“Rent payments tend to be best in the places where the local economies are heavy on the tech sector or government defense tend to have the high shares,” says Willett. May’s best collections through about the middle of May 2020 are in Sacramento, Calif.; Virginia Beach, Va.; Riverside-San Bernardino, Calif.; Portland, Me.; Portland, Ore.; Denver, Colo.; and San Jose, Calif. “Some 93 percent to 94 percent of households in these places have paid their rent.”

Trouble spots include New York City; New Orleans and Las Vegas. These are locations where the spread of COVID-19 has been especially challenging or where tourism is particularly important to the local economy. The payment figures also are well under normal in Los Angeles, says Willett. Higher-cost markets like New York and Los Angeles are also cities where the expanded federal unemployment payouts are less likely to result in unemployed workers making more than they did while they had jobs.

 

Source: Multifamily Investor Bendix Anderson | May 19, 2020

 

Federal Government Action Will Assist Renters in Maintaining Income; Strong Multifamily Fundamentals Pre-Coronavirus Provide Sturdy Framework

 

Unemployment benefit expansion mitigates financial impact. Many throughout the nation are faced with uncertainty as COVID-19 rattles the economy and labor markets. The federal government has been fast-acting in its response, exhausting numerous fiscal and monetary measures to keep the economy afloat and provide income to those who suddenly face hardships. Unemployment benefits have been both increased and expanded, supporting laid-off workers’ ability to stay up to date on important bills, including rent. The new criteria for unemployment benefits include freelance workers, the self-employed, contractors, and part-time personnel in addition to those who would typically meet specified standards. The federal benefit period lasts until July 31, and those who qualify for unemployment will receive $600 per week on top of a state benefit, which varies throughout the nation and generally aligns with the cost of living. State benefits will also be extended an additional 13 weeks beyond the exhaustion of the prototypical benefit period. This action will be wide-reaching and relieve some of the stress that hangs over both tenants and owners of multifamily. Although, the process of distributing payments will likely be delayed as unemployment offices are being overwhelmed with requests.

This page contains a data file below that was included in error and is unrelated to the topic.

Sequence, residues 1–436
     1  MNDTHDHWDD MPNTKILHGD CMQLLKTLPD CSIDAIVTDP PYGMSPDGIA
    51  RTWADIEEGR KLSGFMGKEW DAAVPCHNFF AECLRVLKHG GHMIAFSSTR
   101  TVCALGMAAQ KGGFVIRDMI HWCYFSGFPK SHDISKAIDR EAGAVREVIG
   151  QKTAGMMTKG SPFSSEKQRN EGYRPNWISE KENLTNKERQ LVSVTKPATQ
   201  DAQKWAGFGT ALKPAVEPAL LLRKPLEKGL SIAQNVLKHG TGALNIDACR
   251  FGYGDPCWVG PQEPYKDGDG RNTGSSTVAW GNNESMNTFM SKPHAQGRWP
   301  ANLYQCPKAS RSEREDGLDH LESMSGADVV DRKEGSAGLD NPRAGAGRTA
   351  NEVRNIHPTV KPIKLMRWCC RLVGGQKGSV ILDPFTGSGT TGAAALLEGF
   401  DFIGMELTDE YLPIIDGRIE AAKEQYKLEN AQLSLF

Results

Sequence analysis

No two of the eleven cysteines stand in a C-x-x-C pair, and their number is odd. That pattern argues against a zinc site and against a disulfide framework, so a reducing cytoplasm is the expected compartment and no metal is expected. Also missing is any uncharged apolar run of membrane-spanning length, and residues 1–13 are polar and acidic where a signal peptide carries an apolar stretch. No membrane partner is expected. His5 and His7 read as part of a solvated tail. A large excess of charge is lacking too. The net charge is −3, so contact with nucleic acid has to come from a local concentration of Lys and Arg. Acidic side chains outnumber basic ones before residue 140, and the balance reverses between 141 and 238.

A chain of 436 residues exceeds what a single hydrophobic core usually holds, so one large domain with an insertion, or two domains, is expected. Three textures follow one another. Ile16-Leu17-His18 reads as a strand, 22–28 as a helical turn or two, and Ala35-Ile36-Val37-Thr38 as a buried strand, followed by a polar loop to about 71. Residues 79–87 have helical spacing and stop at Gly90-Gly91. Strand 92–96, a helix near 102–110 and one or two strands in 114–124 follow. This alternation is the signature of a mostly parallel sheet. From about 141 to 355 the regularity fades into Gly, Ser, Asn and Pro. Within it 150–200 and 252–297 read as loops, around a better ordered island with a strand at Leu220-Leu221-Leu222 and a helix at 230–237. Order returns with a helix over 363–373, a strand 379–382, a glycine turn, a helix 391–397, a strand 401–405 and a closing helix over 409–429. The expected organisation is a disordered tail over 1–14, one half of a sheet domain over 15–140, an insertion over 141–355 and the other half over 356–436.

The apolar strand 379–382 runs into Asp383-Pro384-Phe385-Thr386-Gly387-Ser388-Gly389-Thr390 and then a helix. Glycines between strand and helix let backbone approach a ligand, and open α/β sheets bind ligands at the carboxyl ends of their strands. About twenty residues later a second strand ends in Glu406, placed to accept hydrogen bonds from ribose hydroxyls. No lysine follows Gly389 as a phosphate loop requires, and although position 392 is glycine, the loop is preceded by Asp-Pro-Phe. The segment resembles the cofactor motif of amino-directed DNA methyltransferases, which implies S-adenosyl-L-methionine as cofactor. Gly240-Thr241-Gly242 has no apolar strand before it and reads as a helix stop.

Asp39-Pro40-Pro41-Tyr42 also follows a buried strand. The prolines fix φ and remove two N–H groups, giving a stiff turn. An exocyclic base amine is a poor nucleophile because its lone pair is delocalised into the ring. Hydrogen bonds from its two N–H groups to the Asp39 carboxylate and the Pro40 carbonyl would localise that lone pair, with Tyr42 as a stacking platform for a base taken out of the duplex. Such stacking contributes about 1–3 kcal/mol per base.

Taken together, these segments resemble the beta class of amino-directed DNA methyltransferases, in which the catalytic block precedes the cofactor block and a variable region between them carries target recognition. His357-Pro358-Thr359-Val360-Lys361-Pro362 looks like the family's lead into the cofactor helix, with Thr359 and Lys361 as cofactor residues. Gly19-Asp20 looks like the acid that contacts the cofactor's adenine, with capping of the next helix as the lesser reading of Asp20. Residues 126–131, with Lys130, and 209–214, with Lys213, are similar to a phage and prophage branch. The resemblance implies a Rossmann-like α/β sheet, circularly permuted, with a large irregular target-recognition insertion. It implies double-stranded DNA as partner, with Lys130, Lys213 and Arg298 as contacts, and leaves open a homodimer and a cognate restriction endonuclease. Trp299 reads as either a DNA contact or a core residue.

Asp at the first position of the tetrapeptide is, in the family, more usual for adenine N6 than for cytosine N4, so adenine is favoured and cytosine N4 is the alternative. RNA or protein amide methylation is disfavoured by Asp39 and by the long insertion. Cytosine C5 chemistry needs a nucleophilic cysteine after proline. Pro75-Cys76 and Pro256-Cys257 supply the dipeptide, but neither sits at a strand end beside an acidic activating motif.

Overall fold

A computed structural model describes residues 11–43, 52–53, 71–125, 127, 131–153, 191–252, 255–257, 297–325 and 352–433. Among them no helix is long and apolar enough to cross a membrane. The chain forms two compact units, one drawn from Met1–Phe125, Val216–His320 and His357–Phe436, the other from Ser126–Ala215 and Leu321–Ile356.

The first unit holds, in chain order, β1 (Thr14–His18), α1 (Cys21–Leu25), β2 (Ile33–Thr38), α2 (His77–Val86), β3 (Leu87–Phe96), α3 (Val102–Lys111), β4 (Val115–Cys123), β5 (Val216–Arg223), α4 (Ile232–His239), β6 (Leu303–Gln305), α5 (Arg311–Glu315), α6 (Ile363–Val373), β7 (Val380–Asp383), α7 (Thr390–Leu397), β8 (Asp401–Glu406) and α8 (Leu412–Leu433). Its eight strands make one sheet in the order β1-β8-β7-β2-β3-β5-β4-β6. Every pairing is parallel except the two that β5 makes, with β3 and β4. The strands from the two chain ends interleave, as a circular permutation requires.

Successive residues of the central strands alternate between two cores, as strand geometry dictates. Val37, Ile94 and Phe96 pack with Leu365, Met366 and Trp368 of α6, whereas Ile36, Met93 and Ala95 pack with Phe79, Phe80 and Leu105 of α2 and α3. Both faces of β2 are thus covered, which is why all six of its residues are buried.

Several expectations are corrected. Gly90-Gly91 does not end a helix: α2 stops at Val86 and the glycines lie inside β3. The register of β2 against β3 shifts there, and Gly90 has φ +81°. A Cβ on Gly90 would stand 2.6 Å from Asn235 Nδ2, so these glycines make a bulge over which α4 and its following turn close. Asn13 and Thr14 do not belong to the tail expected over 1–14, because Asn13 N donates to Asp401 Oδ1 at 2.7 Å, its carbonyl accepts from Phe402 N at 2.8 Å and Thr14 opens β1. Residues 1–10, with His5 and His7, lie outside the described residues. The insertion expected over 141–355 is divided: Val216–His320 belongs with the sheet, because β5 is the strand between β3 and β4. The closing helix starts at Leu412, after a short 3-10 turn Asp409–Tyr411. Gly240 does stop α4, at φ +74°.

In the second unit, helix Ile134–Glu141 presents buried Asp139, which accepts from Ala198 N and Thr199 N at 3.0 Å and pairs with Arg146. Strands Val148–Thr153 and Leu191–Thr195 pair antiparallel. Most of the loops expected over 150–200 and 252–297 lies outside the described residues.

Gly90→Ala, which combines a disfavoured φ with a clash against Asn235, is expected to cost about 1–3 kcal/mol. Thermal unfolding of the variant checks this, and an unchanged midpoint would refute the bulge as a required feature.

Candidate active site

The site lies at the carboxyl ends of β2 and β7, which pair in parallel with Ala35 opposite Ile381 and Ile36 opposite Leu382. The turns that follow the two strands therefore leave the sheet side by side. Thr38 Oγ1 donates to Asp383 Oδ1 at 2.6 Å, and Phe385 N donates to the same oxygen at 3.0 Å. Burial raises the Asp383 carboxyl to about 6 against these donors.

Government payment provides renters with an income stream to offset financial burdens. The other vital aspect of the stimulus package is the one-time payment to all adult Americans that filed taxes in 2018. Most adults will receive $1,200 in addition to $500 per child under the age of 17, with installments phasing out for individuals that made over $75,000 and dropping off completely above the $99,000 threshold. The federal government has indicated that direct deposit payments will arrive by the end of April; however, those who will be receiving checks in the mail might not get them for at least a couple of months. The additional income should make up for some wage losses and supplement income streams for those who have not been negatively impacted. Based on early reports, 69 percent of renters were able to meet April rent obligations by the fifth of the month, down 13 percent year-over-year despite unparalleled circumstances. 

 

Apartment fundamentals on solid footing entering this year. Multifamily housing performed exceptionally well over the course of this cycle, driven by the affordability of renting an apartment relative to owning a single-family house, and the younger generations’ preference for leases and added amenities. Over the past few years, workforce rentals became increasingly undersupplied, as vacancy was near 20-year lows ending 2019. Among the three segments, Class C vacancy contracted by the greatest margin since 2009’s peak, dropping 570 basis points into the mid-3 percent range. Class B vacancy followed closely behind, dropping 330 basis points since the Great Recession peak into the low-4 percent area as of the beginning of this year. Tightening conditions have supported the need for rapid inventory growth; however, rising construction costs have led builders to construct more Class A units, which has not provided much relief for the budget-friendly rental segment. Despite the elevated construction of luxury apartments over the past decade, Class A vacancy has also dipped 230 basis points since 2009 into the 5 percent range, demonstrating robust demand throughout all echelons of multifamily housing.